NASA, Wikimedia Commons // Public Domain

Today is the 50th anniversary of the July 16, 1969 launch of the Apollo 11 mission, which resulted in the first Moon landing in history. CBS News is commemorating the momentous event with a YouTube live stream of its special coverage from that day, which you can watch below.

CBS anchor Walter Cronkite brought all the thrill and wonder of the takeoff into the homes of countless Americans, and he also introduced them to three soon-to-be-famous astronauts: former Navy pilot Neil Armstrong, Air Force colonel Edwin “Buzz” Aldrin, and former Air Force fighter pilot (and experimental test pilot) Michael Collins.

Cronkite chronicled the astronauts’ journey from their 4:15 a.m. breakfast at the command space center to Kennedy Space Center’s launch station 39A, where they boarded the Saturn V rocket. CBS sports commentator Heywood Hale Broun reported from the Florida beach itself, interviewing spectators who were hoping to witness history happen in real time. “I just hope they make it successfully and have no problem," said a visitor from California.

In the final seconds before liftoff, Cronkite counted down, not knowing what the future of the mission would hold.

Tune into the live stream below, or check out the highlights from CBS News here.

[h/t CBS News]

Alan Turing, WWII Codebreaker Who Was Persecuted for Being Gay, Is the New Face of England's £50 Note

Bank of England
Bank of England

The Bank of England has chosen a new person to grace one of its pound sterling notes, the BBC reports. Alan Turing, the computer scientist who lent his code-breaking expertise to the Allied powers in World War II, will soon be the new face of the £50 banknote.

Alan Turing's life story has been the subject of a play, an opera, and the 2014 Oscar-winning film The Imitation Game, starring Benedict Cumberbatch. Turing's biggest claim to fame was cracking the Enigma code used by the Nazis to send secret messages. By decrypting the system and interpreting Nazi plans, Turing helped cut World War II short by up to two years, according to one estimate.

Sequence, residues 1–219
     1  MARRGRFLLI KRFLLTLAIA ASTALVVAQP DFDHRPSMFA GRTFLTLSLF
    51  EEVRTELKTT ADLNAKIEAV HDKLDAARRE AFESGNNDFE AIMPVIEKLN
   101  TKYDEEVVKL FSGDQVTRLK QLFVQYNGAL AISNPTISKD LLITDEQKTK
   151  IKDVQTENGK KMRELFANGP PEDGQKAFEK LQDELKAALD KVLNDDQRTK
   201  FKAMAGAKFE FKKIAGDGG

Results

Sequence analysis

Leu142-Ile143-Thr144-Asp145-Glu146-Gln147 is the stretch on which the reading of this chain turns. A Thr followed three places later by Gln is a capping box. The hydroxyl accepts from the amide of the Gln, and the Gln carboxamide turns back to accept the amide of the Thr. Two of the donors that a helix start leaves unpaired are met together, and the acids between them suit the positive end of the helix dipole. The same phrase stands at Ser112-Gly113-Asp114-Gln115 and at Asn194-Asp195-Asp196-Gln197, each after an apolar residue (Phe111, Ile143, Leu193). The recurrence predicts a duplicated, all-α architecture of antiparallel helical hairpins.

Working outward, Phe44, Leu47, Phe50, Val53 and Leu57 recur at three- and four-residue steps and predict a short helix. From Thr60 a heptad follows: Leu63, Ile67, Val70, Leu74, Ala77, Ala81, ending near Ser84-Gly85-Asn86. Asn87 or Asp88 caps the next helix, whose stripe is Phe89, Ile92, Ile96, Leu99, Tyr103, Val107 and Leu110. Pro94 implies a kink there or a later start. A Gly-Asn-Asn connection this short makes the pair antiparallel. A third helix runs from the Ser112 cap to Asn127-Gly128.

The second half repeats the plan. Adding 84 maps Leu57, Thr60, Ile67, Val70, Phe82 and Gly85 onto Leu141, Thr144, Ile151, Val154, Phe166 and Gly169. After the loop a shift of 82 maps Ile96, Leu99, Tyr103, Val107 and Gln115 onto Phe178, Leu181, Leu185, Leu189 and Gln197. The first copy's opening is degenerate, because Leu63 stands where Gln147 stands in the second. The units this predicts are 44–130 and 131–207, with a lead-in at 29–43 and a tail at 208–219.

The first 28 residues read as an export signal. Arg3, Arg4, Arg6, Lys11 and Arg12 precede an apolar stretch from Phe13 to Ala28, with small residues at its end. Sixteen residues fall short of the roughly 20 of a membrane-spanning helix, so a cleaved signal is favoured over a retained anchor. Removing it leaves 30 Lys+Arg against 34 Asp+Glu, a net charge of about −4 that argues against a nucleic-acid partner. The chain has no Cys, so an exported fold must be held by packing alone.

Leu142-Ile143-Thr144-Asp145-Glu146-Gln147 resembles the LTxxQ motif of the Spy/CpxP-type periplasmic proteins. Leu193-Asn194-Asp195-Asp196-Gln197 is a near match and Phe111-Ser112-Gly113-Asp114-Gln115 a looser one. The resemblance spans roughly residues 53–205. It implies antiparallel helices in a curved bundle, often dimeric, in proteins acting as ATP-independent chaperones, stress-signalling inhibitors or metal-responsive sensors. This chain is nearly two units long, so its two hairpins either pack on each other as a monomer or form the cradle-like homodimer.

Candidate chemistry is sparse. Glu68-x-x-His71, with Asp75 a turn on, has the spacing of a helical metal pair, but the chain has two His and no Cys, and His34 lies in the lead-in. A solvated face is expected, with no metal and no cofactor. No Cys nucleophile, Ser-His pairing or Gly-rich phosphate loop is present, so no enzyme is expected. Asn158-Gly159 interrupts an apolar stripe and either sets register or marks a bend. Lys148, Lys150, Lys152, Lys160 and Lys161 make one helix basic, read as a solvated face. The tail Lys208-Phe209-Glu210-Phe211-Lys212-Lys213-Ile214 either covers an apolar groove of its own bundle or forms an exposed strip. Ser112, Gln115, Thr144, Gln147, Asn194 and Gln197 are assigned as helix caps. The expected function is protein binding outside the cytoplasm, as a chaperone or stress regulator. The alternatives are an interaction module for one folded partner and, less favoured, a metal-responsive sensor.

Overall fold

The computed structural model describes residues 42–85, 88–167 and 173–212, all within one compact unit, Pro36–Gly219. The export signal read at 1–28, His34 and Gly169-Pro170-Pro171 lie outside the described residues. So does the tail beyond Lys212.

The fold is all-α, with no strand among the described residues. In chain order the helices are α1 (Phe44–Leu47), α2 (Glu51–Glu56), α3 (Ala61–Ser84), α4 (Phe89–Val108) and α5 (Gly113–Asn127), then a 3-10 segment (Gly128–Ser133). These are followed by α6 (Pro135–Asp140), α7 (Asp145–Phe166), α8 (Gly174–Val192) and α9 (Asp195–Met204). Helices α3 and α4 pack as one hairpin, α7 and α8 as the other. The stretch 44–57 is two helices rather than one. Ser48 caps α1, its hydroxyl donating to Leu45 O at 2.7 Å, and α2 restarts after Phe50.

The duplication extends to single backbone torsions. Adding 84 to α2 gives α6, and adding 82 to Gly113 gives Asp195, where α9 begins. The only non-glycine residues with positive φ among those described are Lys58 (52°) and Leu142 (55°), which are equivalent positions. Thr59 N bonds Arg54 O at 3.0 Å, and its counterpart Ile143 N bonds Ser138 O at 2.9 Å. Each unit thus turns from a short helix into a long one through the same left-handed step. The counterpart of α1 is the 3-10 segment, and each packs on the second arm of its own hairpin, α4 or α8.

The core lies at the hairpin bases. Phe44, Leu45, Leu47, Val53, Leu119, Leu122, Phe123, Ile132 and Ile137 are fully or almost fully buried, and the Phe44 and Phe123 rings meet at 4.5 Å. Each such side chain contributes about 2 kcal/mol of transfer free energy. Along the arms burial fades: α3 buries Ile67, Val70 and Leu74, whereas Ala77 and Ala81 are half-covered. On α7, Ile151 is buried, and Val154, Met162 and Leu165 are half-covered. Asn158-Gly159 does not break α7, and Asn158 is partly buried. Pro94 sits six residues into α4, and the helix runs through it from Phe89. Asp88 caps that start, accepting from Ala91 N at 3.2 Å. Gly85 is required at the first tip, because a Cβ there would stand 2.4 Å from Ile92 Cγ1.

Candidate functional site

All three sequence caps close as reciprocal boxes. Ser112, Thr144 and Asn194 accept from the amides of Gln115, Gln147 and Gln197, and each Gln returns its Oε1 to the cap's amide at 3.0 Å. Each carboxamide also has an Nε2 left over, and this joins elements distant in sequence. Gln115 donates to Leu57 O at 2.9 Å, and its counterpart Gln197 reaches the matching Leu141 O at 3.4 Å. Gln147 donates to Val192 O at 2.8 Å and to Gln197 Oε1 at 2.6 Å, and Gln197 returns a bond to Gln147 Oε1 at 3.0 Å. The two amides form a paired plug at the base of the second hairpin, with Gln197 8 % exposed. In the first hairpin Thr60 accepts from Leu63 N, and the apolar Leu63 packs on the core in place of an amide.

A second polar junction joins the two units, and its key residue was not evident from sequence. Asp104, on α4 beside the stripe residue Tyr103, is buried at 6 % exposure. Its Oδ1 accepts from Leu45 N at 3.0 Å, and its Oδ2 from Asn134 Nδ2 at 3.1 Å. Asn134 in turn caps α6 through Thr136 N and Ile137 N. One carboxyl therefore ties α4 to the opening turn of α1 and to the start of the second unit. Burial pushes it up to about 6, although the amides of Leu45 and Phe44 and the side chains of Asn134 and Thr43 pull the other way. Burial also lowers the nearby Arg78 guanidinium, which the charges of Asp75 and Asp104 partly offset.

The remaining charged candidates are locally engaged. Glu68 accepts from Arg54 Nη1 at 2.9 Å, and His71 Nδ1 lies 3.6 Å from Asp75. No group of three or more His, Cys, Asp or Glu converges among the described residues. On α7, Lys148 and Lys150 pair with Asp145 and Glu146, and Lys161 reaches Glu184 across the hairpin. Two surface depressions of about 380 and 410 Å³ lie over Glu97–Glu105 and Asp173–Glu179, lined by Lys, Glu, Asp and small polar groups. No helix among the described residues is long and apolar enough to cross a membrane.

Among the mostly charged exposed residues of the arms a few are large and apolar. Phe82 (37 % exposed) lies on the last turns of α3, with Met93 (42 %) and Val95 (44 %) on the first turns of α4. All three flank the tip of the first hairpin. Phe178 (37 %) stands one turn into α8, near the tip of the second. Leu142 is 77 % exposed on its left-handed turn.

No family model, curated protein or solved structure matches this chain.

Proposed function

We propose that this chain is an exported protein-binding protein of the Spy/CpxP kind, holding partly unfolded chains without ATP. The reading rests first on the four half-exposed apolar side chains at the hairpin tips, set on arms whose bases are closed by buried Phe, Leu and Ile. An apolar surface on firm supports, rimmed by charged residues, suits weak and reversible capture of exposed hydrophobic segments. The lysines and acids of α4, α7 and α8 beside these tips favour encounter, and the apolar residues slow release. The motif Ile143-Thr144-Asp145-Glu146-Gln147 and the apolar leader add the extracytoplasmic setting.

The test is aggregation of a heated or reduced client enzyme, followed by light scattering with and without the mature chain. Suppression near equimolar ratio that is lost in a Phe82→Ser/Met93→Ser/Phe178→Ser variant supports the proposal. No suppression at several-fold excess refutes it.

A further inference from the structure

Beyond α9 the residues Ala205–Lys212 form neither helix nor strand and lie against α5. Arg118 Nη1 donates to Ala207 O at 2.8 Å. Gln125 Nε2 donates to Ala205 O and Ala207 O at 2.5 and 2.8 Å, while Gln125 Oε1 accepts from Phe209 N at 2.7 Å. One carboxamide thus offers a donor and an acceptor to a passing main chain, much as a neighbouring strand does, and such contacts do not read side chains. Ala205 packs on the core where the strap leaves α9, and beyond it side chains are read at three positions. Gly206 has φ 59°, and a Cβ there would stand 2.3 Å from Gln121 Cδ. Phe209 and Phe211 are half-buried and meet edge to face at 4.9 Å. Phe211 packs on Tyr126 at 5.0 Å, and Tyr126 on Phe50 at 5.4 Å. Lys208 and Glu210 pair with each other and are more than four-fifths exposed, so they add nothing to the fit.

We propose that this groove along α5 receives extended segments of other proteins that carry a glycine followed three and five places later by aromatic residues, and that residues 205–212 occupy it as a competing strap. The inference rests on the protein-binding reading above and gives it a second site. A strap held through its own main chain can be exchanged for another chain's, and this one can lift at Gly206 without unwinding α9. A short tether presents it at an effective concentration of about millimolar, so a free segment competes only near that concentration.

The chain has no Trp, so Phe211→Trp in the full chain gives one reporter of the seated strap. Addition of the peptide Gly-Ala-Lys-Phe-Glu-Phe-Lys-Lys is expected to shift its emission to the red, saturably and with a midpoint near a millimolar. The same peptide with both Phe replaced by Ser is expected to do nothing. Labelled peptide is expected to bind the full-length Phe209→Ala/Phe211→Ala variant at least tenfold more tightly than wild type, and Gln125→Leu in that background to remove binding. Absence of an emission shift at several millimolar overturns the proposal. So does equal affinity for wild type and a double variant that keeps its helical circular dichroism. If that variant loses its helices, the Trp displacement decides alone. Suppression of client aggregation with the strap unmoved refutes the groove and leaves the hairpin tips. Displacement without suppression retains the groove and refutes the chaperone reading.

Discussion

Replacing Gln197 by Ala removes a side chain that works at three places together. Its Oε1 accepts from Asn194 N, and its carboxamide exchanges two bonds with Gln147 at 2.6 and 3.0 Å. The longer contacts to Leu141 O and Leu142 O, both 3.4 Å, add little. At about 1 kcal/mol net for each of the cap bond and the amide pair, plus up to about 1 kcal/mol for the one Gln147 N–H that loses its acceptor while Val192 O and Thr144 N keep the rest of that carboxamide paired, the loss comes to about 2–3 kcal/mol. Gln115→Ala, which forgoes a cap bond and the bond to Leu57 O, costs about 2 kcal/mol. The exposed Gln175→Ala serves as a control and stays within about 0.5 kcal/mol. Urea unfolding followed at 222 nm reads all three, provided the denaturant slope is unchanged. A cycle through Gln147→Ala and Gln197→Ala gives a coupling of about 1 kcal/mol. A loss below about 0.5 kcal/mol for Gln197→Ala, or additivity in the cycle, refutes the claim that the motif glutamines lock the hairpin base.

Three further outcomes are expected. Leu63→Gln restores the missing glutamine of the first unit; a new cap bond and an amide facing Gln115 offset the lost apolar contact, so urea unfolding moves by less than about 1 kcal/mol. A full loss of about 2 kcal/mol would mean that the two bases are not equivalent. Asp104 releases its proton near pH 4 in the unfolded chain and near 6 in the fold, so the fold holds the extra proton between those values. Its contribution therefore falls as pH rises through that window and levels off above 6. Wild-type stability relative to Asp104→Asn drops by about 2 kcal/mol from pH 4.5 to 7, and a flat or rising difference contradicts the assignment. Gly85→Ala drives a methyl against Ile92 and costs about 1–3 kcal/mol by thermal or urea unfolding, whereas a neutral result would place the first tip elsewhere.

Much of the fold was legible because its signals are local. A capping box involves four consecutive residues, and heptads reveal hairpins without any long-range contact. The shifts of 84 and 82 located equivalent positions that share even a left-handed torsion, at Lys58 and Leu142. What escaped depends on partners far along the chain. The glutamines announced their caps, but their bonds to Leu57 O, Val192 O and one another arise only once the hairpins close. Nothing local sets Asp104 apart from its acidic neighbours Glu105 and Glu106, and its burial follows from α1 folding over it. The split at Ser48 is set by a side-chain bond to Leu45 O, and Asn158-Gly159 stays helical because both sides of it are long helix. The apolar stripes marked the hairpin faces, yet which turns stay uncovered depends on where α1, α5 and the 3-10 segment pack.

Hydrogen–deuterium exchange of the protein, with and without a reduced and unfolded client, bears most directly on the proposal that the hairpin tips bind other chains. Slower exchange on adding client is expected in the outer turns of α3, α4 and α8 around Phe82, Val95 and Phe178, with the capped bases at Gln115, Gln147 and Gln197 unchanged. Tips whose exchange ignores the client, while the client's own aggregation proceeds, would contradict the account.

Despite his enormous contributions to the war and the field of computer science, Turing received little recognition during his lifetime because his work was classified, and because he was gay: Homosexual activity was illegal in the UK and decriminalized in 1967. He was arrested in 1952 after authorities learned he was in a relationship with another man, and he opted for chemical castration over serving jail time. He died of cyanide poisoning from an apparent suicide in 1954.

Now, decades after punishing him for his sexuality, England is celebrating Turing and his accomplishments by giving him a prominent place on its currency. The £50 note is the least commonly used bill in the country, and it will be the last to transition from paper to polymer. When the new banknote enters circulation by the end of 2021, it will feature a 1951 photograph of Alan Turing along with his quote, "This is only a foretaste of what is to come and only the shadow of what is going to be."

Turing beat out a handful of other British scientists for his spot on the £50 note. Other influential figures in the running included Rosalind Franklin, Ada Lovelace and Charles Babbage, Stephen Hawking, and William Herschel.

[h/t BBC]